Articles and Speeches
Course Access Research Highlights Expanding Learning Options for Underserved Students
July 16, 2014
Arthur L. Coleman
TALLAHASSEE, Fla. – The Foundation for Excellence in Education (ExcelinEd), through its Digital Learning Now initiative, today released research in collaboration with EducationCounsel highlighting Course Access as the next step in delivering advanced and personalized education to students. “Leading in an Era of Change, Making the Most of State Course Access Opportunities” profiles states that are using innovative policy and technology to expand educational choices for schools and students, focusing on collaborative opportunities for efficiently delivering quality programs.
Course Access provides public school students with expanded course offerings across learning environments from diverse, accountable public and private providers. Students select from a broad range of courses, in various formats – including online, face-to-face, or blended. Placing a strong focus on student outcomes, participating students receive both state funding and full class credit for completing a state-approved Course Access program.
“Course Access promises states and schools a powerful tool for offering every student every course they need to excel in the 21st century. By coupling state-of-the-art technology with innovative policy, states are using Course Access programs to allow schools to offer courses far beyond what was previously possible,” said Jeb Bush, former Florida Governor and Chairman of ExcelinEd.
“Education systems in America have many roles and responsibilities, including preparing students today for the world of tomorrow. Our students must gain the skills and knowledge to advance in today’s world, but they also must be prepared to respond to future challenges and opportunities that we can’t yet imagine. Course Access can be one solution. By supplementing traditional school course offerings with options from partnering providers, Course Access programs can increase dramatically the learning opportunities available to students,” said Richard W. Riley, Former U.S. Secretary of Education and Former Governor of South Carolina.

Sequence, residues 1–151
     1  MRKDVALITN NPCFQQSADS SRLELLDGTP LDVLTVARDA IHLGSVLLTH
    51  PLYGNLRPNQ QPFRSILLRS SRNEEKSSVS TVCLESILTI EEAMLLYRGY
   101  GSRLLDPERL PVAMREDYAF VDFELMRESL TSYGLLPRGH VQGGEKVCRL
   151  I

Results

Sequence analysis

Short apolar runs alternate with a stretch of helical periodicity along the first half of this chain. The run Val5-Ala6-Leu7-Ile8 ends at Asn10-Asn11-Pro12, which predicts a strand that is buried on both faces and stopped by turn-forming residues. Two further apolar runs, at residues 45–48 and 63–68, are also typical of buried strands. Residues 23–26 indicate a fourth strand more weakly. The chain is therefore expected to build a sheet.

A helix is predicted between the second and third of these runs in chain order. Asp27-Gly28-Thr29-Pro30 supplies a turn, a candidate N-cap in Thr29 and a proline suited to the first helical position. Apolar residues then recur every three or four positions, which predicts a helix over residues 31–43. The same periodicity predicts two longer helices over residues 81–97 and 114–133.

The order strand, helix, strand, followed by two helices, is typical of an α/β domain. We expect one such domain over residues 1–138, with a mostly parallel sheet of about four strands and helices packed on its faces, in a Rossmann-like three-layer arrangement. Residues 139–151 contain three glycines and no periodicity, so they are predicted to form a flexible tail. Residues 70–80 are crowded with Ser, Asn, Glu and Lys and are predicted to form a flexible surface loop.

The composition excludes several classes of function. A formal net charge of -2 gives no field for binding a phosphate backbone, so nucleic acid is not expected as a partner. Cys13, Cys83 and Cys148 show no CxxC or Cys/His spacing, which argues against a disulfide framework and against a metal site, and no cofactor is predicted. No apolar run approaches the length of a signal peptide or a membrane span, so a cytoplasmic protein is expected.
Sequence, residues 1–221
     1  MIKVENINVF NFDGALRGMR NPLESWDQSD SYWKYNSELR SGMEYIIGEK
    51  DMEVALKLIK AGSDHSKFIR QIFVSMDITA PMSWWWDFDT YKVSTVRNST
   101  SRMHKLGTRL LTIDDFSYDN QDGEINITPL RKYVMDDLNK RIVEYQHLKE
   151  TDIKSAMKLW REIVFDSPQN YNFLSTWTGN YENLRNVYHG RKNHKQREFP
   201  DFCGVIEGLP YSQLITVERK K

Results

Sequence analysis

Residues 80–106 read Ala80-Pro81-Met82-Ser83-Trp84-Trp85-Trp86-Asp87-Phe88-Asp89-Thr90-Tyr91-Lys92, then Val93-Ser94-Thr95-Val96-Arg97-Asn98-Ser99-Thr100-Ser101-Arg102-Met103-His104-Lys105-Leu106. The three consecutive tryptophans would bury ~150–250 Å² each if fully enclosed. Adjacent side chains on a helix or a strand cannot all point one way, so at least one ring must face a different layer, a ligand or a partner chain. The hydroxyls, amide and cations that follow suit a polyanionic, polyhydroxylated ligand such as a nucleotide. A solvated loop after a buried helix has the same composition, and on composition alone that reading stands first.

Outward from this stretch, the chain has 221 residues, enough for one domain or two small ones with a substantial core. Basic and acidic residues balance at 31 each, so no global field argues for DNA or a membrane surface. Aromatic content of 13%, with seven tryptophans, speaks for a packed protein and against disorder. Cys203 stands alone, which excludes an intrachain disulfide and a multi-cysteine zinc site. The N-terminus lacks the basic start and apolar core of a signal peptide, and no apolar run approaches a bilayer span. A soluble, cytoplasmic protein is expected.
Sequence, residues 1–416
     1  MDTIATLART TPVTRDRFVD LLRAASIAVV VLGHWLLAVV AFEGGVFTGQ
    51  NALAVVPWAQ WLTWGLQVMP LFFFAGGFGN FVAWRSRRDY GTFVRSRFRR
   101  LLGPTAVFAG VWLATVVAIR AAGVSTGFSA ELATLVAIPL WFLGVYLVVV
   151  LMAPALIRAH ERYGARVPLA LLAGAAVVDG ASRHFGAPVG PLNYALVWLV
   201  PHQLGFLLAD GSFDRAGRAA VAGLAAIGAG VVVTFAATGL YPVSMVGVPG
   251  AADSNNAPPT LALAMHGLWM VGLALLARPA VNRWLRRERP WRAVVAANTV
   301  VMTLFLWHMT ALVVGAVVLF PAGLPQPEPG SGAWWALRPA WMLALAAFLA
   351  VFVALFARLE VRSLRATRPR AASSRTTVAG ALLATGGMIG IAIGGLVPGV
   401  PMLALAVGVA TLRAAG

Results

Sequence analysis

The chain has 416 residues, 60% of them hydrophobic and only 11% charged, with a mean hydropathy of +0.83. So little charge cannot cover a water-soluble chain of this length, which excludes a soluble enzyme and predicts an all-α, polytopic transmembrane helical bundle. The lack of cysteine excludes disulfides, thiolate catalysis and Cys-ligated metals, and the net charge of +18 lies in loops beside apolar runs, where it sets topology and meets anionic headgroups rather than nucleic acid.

High school students – especially those who attend rural, urban or under-resourced schools – often lack access to advanced science and math classes, college preparatory courses, foreign language classes, career technical classes in high-demand job sectors, and other specialized subjects taught by expert teachers. According to the U.S. Department of Education:
- Between 10 to 25 percent of American high schools fail to offer one of the core courses, including Algebra 1 and 2, geometry, biology, and chemistry; and,
- Only 50 percent of high schools offer calculus, while only 63 percent offer physics.
The research and accompanying infographic, “So You Want Course Access?,” offers legislators, state departments of education, districts and parents helpful guidance for passing, implementing and utilizing Course Access in their state.
“It is critical for education leaders to explore and leverage effective ways to offer underserved students high-quality learning options. As a growing number of states consider Course Access programs to help meet that need, this paper is a resource to help state and district leaders make informed decisions, integrate emerging ideas with their existing systems and create new, meaningful educational opportunities for students,” said Art Coleman, Managing Partner and Co-Founder of Education Counsel.
In 2006, Minnesota was the first state to pass Course Access legislation. Since, then states from Utah to Florida and Michigan to Texas have created similar programs. Today, 10 states have authorized Course Access programs. In 2013-2014, more than 2,700 students in Louisiana’s Course Access program took in-person, online or blended courses ranging from Advanced Placement French to ACT Prep to vocational classes.
About ExcelinEd and Digital Learning Now
ExcelinEd (@ExcelinEd) is igniting a movement of reform, state by state, to transform education for the 21st-century economy by working with lawmakers, policymakers, educators and parents to advance education reform across America. Digital Learning Now (@DigLearningNow) is a national initiative of ExcelinEd with the goal of advancing state policies that create a high-quality digital learning environment to better equip all students with the knowledge and skills to succeed in this 21st-century economy. The policy framework stems from the belief that access to high-quality, customized learning experiences should be available to all students, unbounded by geography or artificial policy constraints. Learn more at www.ExcelinEd.org and www.DigitalLearningNow.com.
EducationCounsel (@EdCounselDC), an affiliate of Nelson Mullins Riley & Scarborough LLP, is a mission-based education consulting firm that combines experience in policy, strategy, law, and advocacy to drive improvements in the U.S. education system. The group of attorneys and policy advisors work at the local, state, and national levels to develop and put into motion policy initiatives that close achievement gaps and lead to improved education outcomes from pre-K through college. For more information, go to www.educationcounsel.com.
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